Throughout almost all of human existence, survival by avoiding war, famine, and disease had to be the main focus of our lives. One hundred years ago, people were in constant knowledge that they could be struck down by some physical malady and mysteriously die in a week or days. Case in point, when I was 17 doctors took out my appendix. One hundred years earlier, I just would have died without a lot of explanation. The Black Plague killed half of the people in some towns in a matter of days. After Columbus arrived in the Americas, it is estimated that over the course of 150 years, 80-90% of Native Americans died from small pox and other diseases. Horrible as the COVID was, it only took a year to develop medical advances that significantly reduced the fatality rate. So basically, we don’t have to worry so much about dying next week from disease.

In a similar way, until 200 hundred years ago, a person was aware that war and violence could take their whole family or town at any moment. In the 14th century, roving bands of thieves simply killed all and took as much as they pleased. For example, the Vikings sailed up to the ports killing all they could and taking the wealth of the community of England and northern Europe.

Previously, people also knew that individual violence whether it be from the ruler of the area, thieves, or rivals could strike in the night unannounced at any time. While we are increasingly aware and shocked by violence and war today, Harari, in his book Homo Deus, puts it all into proportion by noting that in 2012 when 56 million people died only 120,000 died from war and 500,000 died from crime. So actually less than 2% of the deaths were caused by violence. So while violence is still a problem, compared to the 800,000 who died of suicide and 1.5 million who died of diabetes, it becomes clear that we need to shift our attention to focus more on mental and physical health needs of people.

Finally, people in the past were always aware that in any year, storms, draught, animals, or insects at any time might play a role to reduce the food any community had. Money, if it existed at all, it was somewhat unreliable as was transportation of food to different areas of famine. We still have pockets of malnutrition today in America where 1 in 5 children are at risk and especially among children in developing countries; however, compared to for example the late 1600s in which between 15% and 30% of the populations in Europe starved, many fewer people starve today. In fact, the opposite might be true. Maybe we are eating ourselves to death. Harai estimates that half of the people on the earth are estimated to be overweight by 2030. We also know that being overweight puts people at a greater risk of heart attacks and cancer. So it appears to that having too much food is a much greater problem than having too little food.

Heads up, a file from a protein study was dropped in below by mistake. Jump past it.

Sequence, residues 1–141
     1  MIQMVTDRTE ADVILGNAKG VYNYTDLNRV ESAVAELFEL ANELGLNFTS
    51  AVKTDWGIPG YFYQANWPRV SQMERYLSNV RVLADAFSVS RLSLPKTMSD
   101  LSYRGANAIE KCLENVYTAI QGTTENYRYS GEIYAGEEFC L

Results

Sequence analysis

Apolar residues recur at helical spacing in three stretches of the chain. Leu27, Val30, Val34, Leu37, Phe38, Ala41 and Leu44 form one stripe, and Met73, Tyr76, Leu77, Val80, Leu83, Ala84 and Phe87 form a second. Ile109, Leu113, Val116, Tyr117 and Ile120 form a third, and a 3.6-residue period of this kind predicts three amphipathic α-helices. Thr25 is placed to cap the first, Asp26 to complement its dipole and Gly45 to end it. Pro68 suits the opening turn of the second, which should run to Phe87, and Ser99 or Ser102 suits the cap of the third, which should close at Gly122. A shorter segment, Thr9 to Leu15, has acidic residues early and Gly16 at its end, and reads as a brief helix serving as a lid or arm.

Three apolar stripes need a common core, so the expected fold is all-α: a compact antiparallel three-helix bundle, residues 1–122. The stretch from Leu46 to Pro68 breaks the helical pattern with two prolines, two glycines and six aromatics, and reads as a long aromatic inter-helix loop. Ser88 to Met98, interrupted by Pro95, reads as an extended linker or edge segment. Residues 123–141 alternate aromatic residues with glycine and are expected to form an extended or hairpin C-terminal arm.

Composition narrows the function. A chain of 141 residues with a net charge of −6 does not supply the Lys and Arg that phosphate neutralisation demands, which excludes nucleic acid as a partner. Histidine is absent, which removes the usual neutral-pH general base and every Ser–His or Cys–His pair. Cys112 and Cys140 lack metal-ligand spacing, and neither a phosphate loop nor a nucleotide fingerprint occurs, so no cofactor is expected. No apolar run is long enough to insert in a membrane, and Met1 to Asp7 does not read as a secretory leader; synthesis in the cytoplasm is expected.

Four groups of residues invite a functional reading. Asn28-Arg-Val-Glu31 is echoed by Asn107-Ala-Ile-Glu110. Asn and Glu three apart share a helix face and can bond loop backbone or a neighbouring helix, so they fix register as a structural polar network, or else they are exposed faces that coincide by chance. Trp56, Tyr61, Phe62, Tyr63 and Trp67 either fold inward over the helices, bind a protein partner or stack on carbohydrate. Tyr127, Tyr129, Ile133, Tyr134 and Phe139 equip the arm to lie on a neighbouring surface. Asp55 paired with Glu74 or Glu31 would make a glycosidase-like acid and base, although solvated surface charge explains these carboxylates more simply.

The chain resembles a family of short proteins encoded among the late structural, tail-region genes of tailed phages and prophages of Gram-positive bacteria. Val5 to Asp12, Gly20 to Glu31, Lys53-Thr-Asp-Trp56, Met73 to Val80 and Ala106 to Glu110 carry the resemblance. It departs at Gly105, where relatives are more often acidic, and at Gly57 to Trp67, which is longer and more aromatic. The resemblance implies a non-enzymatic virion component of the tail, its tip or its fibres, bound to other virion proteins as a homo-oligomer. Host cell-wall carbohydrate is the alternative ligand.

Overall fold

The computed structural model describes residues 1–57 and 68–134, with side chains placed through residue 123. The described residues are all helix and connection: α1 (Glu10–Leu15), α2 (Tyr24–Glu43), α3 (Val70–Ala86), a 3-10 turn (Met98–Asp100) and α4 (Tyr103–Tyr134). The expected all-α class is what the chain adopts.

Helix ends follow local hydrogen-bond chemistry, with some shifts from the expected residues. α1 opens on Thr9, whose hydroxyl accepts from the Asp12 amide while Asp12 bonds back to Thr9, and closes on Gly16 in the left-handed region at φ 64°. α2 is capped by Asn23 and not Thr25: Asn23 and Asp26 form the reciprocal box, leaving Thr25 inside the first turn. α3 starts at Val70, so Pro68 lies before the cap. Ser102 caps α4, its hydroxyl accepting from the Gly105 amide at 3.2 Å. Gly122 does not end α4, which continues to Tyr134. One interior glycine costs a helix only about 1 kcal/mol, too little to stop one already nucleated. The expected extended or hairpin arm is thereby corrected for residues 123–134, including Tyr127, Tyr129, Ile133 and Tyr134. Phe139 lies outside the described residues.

Because man no longer has to worry so much about disease, war, and famine, Harari suggests that ‘man is god’ and will play a larger role in the future of the world. Since one of the main goals of critical literacies is to provide different perspectives as a way of comprehending texts, below I focus briefly on two different perspectives that challenge the status quo. First, as chronicled above, in Homo Deus, Harari challenges the status quo perception that the world is getting worse. Even with COVID, inequity, racial tensions, hunger, and worries about clean water, the long arc of history is bending so that people can focus much less on survival and much more on enriching their lives. Harari’s comments challenge the status quo view that the world is getting worse and worse.

Secondly, while Harari’s book Homo Deus (translated from Latin as man god) implies that man will be god of the future. On the contrary, it seems that we were never more in need of the inspiration of God to guide us on the path of freedom, peace, joy, mercy, care, and equity. The glory that comes from domination, wealth, or national pride is not God inspired and leads to dishonor and perdition. When we serve God, we are free from the need to impress others, free from the need for fancy cars or homes. If man is so dominant in our world as Harari suggests, without spiritual inspiration, man’s selfish nature will lead to self-destruction. Man’s values of prestige and status will never make us happy. We need to find our joy and hope in serving others. We are made in the image of God, but unless we pursue His spirit and goals, we will be unsatisfied. So as man becomes more in control of his world, he needs God’s inspiration more than ever. OK more on this later….